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Gun-control debate polarizing, even in Eagle County

By
October 6, 2015, 8:22 am
shotguns

Some law enforcement officials say shotguns like these are better home-protection weapons than assault rifles.

A Bushmaster AR-15 assault rifle was used in a massacre of 20 elementary school students at Sandy Hook Elementary School in Newtown, Conn., in late 2012. That weapon has been banned in Vail since 1995.

In July of 2012, a mass murderer used a 100-round magazine to kill 12 people at a movie theater in Aurora. That magazine is now banned in Colorado.

Tighter gun laws passed by the Colorado State Legislature in 2013 in the wake of those two massacres were bitterly protested by gun-rights advocates but signed into law by Democratic Gov. John Hickenlooper, and they’ve survived two sessions of Republican challenges.

Nationally, however, Congress wasn’t even able to pass a law requiring universal background checks for gun buyers – something supported by a majority of American gun owners. Forget about reinstating the long-expired federal assault weapons ban.

In Colorado, gun-safety legislation was a key campaign issue last November in the hotly contested state Senate race for the district that includes Vail – a race ultimately won by gun-owning Democrat Kerry Donovan.

It’s debatable how powerful the gun lobby remains and how much sway it has over politicians after more than 140 school shootings since Sandy Hook, but it’s clear that the gun-control debate will rage on in the Centennial State despite some of the highest-profile mass killings in U.S. history.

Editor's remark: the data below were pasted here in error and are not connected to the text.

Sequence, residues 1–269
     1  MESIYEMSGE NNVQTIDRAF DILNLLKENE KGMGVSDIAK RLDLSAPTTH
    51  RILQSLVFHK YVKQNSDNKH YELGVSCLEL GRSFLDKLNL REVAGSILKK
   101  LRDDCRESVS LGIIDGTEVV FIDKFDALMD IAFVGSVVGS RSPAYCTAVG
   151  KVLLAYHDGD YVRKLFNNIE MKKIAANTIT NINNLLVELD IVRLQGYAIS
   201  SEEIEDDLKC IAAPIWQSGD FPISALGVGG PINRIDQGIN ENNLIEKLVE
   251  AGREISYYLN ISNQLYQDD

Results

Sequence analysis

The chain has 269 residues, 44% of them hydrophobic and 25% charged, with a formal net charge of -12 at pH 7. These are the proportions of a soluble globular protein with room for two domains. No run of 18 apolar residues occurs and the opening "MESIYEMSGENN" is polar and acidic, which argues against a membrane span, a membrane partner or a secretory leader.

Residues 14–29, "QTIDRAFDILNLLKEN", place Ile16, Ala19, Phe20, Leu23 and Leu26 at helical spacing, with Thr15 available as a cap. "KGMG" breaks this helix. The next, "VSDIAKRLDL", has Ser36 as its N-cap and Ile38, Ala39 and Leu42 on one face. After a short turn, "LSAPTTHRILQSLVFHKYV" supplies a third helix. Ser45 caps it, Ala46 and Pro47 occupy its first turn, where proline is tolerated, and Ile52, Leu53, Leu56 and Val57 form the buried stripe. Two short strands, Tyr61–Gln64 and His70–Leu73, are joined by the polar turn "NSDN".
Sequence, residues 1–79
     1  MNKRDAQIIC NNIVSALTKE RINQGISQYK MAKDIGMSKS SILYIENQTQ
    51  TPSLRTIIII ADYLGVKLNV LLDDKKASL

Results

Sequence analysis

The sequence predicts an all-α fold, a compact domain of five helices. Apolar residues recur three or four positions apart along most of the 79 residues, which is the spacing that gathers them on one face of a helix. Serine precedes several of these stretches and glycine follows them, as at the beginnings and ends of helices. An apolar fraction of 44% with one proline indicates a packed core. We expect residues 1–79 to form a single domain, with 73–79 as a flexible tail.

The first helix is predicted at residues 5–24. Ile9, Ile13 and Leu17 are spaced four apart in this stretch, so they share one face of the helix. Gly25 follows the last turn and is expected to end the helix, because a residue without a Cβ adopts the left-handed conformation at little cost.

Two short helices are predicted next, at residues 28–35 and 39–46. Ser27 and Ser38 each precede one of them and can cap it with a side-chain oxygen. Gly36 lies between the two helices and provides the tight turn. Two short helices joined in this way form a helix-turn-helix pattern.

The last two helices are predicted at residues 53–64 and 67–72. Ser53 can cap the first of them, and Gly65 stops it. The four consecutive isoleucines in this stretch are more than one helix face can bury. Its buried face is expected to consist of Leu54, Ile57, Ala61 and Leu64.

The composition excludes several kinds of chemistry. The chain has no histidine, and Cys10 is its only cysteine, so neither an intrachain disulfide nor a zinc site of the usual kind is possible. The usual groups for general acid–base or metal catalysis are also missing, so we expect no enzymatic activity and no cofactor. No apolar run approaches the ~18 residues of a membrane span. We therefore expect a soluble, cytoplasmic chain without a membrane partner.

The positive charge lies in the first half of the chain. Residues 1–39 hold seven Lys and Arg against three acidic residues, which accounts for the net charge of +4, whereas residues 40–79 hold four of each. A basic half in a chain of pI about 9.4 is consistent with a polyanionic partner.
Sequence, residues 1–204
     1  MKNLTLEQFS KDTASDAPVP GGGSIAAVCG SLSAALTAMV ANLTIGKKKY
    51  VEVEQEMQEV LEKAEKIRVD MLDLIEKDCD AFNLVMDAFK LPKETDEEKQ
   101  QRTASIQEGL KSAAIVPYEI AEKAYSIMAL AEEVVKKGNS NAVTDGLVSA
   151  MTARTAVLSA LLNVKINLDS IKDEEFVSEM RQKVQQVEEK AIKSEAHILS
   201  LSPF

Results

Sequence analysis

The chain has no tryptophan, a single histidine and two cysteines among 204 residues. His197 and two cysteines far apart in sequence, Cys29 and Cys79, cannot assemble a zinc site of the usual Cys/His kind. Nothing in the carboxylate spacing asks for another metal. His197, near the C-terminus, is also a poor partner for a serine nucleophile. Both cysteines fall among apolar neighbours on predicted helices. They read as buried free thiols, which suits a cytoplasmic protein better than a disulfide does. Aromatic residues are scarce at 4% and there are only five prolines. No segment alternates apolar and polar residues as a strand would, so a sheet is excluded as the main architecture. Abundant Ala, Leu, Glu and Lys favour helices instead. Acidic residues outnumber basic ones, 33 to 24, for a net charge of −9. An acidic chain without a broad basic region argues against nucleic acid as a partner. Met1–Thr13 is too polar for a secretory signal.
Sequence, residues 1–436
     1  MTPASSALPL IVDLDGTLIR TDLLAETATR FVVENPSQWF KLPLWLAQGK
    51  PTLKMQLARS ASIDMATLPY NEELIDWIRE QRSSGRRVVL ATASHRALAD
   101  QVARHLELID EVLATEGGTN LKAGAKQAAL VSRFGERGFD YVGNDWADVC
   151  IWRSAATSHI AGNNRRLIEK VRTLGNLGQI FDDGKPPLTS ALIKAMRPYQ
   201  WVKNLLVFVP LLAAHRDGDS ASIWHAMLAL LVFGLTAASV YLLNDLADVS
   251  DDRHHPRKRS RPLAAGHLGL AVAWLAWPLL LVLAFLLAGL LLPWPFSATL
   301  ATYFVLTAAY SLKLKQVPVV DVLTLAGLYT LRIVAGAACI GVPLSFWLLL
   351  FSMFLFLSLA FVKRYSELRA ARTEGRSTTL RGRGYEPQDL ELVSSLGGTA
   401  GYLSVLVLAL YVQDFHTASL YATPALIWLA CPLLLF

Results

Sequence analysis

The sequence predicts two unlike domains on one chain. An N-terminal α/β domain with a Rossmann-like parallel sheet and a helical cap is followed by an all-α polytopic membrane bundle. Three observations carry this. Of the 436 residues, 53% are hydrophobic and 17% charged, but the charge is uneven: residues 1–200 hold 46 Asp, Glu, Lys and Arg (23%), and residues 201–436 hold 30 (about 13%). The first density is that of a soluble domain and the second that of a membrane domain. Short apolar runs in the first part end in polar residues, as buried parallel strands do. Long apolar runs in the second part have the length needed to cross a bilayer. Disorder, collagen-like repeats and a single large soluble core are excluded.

A national group pushing for gun safety, Everytown.org, has its own ideas about steps President Barack Obama can take without Congress, which is entirely gridlocked on the issue. In Vail, opinions differ widely between various law enforcement agencies.

Real Vail has been re-posting a serious of articles written in early 2013 in the wake of the Sandy Hook slaughter, including this interview with then Eagle County Sheriff Joe Hoy, who was ousted in the Republican primary in June of 2014 by current Sheriff James van Beek. Here’s that story:

joe hoy mug

Former Eagle County Sheriff Joe Hoy.

Eagle County Sheriff Joe Hoy says he fully supports a 2013 position paper produced by the County Sheriff’s of Colorado, which rejects state and federal calls for a ban on assault weapons and high-capacity magazines in the wake of mass shootings in Aurora and Newtown.

County Sheriff’s of Colorado (CSOC), which says it “represents Colorado’s 62 elected sheriffs,” drafted the position paper after its recent winter conference in response to the call for more gun regulations after massacres at Sandy Hook Elementary School and the Century Theater in Aurora.

“…We do not believe that these tragedies should be used as the backdrop to advance gun control legislation,” the CSOC paper (pdf) reads.